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Great Gyros: Whose Dish Gets the Gold?

In this week's edition of 'Food Fight', we visit Salam Market in Ballwin and others to compare their take on a classic dish with origins that cross the oceans.

Traditionally a gyro is made by placing pieces of meat on a vertical spit, which cooks as it turns. The meat is sliced vertically in thin strips. It's then served on warm pita bread topped with tomatoes, onions, lettuce and tzatziki or tahini sauce.

In the United States, finding an establishment with a vertical spit is rare. Many restaurants buy the meat precooked and sliced, others make their own variations with different cooking methods. The ability to serve flavorful meat, delicious tzatziki sauce and generous toppings are what make a great gyro.

14248 Manchester Rd., Manchester

The menu items at Lazeez Market seem somewhat disconnected. Burgers and biryiani? However, an employee explained the market specializes in offering Zabiha Halal meat, which abides by Islamic laws. This provides a product of American-style foods, including burgers and chicken wings, for people who only eat halal meat.

The floor of the restaurant was sticky, and several tables had not been cleaned, despite the fact that we were the only customers there. The service was painfully slow, and we considered leaving. However, everything was made to order, so that might be the reason for some of the wait time. The pita bread on the gyro was heated on an actual grill, giving it a smoky and warm, inviting flavor. The meat was precooked and thinly sliced, which eliminates some of that delicious, fatty and meaty flavor. The meat did have a generous and authentic amount of seasoning. The sauce, tomatoes and onions were scant.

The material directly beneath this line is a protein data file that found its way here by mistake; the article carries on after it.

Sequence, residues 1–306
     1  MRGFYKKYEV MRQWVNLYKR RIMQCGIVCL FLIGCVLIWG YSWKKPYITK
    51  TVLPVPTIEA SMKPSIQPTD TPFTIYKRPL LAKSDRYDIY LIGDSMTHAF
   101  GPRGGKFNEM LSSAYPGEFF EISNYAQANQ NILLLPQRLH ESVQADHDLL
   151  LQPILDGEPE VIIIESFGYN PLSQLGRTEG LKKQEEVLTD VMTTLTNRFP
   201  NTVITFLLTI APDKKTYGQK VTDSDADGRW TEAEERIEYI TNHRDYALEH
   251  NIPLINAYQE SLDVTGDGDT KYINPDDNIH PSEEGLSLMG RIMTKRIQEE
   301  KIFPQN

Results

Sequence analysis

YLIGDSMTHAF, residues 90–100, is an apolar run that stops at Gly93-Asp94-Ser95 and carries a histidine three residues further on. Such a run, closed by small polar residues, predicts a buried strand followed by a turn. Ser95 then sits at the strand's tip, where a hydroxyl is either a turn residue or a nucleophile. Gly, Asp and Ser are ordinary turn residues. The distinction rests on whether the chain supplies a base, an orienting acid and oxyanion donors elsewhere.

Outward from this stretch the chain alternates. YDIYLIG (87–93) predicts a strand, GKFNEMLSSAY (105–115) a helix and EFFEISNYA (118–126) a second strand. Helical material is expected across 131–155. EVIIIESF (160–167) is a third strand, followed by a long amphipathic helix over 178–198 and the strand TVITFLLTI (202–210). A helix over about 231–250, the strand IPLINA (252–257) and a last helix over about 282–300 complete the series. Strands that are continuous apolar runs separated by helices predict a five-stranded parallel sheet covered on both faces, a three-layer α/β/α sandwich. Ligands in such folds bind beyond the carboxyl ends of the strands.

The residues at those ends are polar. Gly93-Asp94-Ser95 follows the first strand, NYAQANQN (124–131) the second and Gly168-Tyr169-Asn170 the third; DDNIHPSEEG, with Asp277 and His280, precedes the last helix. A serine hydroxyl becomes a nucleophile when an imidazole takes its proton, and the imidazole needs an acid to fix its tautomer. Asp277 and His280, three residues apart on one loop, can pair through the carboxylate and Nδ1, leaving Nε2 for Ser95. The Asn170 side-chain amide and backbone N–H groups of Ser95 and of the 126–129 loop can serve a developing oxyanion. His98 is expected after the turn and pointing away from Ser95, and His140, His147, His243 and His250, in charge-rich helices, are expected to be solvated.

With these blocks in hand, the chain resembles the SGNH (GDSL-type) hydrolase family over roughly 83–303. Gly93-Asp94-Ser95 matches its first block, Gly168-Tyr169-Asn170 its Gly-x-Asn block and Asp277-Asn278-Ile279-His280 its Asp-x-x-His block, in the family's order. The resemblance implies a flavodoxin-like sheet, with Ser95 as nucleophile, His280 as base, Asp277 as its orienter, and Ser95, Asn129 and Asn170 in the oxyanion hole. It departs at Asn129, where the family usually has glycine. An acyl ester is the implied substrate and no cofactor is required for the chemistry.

The good: The meats brought into the restaurant were high quality, and plenty of halal meats were available.
The bad: Although the people were very nice, the service was slow and the gyro was just OK.

Salam Market 14063 Manchester Rd., Ballwin
 
Salam Market is a store with Middle Eastern ingredients that serves gyros (which it calls shawarma), falafel and pastries. There are a few tables for customers to enjoy their sandwiches. The gyro was warm and flavorful with interesting ingredients such as pickled turnips. There was a generous amount of tomatoes, onions and pickled turnips. The gyro could have used more tzatziki sauce. The pickled ingredients, though interesting, detracted somewhat from the overall flavor and may have been balanced out by more sauce. In general, the gyro was fresh and flavorful. I would go back again.

The good: The flavors were interesting the ingredients authentic.
The bad: A lack of sauce unbalanced the dish.

703 Long Road Crossing Dr., Chesterfield

The Mediterranean Grill is owned by Israeli born Elie Harir. He has a delicate touch with his ingredients. There is a certain touch with spices and flavorings that spotlight the heritage of a dish. The gyro had that. In addition, the meat, although baked, had enough fat and just the right amount of spices to make it incredibly welcoming. There was also a generous amount of tzatziki sauce and toppings. The service was adequate, although the staff was not particularly friendly. However, when Harir came out of the kitchen, he greeted all of his customers. The gyro was authentic and quite delicious.

The good: The meat was cut thicker than most, and the gyro was juicy and flavorful.
The bad: The servers were not particularly friendly.

The winner: The Mediterranean Grill won because the meat was so flavorful and juicy.

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